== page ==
The culture treats me so amiably! It encourages me to maintain my orthodox creed; it commends me for my evangelical practice; it praises me for my singular devotion. All it asks is that I accept its definition of my work as an encourager of the culture’s good will, as the priest who will sprinkle holy water on the culture’s good intentions. Many of these people are my friends. None, that I am aware of, is consciously malign. But if I, even for a moment, accept my culture’s definition of me, I am rendered harmless. I can denounce evil and stupidity all I wish and will be tolerated in my denunciations as a court jester is tolerated. I can organize their splendid goodwill and they will let me do it, since it is only for weekends.
I love the holy water reference. As he writes, much of the culture’s benevolence is just that: full of good intentions. But the insidious temptation for a pastor is to blithely accept it and allow people to maintain that felicitous distance. It’s to give in to the Ned Flanders caricature of the happy but non-threatening and ultimately harmless man.
But a good pastor closes that distance. Like Jesus, he invades the lives of people and refuses to simply be nice. He challenges their preconceived notions of Christianity and exerts force in pulling them away from the poles of legalism and license, and the perils of the prosperity gospel (“If I do good and serve at church, God will bless me.”) and religion without relationship.
The essence of being a pastor begs for redefinition. To that end, I offer three adjectives to clarify the noun: unbusy, subversive, apocalyptic.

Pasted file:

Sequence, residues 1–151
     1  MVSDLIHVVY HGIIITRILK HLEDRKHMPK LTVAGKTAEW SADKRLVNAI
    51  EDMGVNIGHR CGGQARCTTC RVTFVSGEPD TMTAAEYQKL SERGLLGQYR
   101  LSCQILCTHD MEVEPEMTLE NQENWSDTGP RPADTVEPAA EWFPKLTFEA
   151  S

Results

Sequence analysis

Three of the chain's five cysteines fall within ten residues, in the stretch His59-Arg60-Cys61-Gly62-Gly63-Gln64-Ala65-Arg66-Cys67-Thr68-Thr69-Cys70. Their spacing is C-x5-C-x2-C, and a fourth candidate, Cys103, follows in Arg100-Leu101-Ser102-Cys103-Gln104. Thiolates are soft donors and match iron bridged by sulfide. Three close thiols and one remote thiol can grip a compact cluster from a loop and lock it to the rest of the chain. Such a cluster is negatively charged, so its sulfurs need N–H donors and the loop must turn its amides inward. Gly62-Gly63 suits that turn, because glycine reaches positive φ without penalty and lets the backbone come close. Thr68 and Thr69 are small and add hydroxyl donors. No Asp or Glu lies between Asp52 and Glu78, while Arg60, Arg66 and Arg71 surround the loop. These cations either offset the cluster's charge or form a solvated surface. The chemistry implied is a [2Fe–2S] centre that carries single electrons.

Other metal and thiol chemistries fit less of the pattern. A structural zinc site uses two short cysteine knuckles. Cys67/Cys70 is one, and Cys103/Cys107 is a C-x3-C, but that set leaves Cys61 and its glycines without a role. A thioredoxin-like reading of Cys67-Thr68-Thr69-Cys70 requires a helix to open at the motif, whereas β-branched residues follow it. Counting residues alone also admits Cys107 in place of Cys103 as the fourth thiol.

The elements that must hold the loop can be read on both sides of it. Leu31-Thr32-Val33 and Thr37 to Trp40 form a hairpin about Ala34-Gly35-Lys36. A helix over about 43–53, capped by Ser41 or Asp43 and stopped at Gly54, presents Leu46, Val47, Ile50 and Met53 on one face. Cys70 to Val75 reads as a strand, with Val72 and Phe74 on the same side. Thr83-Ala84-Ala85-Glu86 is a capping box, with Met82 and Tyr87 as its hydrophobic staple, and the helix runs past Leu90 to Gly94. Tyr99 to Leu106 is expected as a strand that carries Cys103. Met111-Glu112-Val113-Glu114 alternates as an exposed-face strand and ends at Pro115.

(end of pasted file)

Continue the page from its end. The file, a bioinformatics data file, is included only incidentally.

I look forward to unpacking these words in the weeks to come.

Yesterday, I took a full Sabbath day in which I took public transportation to Citi Field and watched a Mets game by myself. I love to do this about a couple times a year. I read on the entire subway ride (there and back to New Jersey), I jump around to various vantage points throughout the game, immerse myself in each pitch, but also have plenty of time to ponder the meaning of my life.



While on the 7 train, and right about the time of first pitch, I finished Matthew Desmond’s Evicted: Poverty and Profit in the American City. I intentionally chose to read this book because I know I need to develop a better heart for the poor. One way to do so is simply to learn more about them, to better understand the circumstances they face. I guess you can say, mission accomplished. This book is a searing look at the plight of those who constantly get evicted and the financial, mental, relational toll it takes on them. It’s a book straight up my alley: half social science (with all the statistics and footnotes you could want), half well-written narrative (Desmond planted himself in inner-city Milwaukee and took great pains to get to know people and win their trust for his reporting). There are memorable characters whose stories break your heart. I feel like this book would make for a great 6th season of The Wire with the right mix of institutional failure, salty language, tattered relationships, crime and brokenness, and the one character whose perseverance makes you smile (hey Bubbles!).

I highly recommend it.


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The Tagline

Posted by flyingbk on 04/07/2016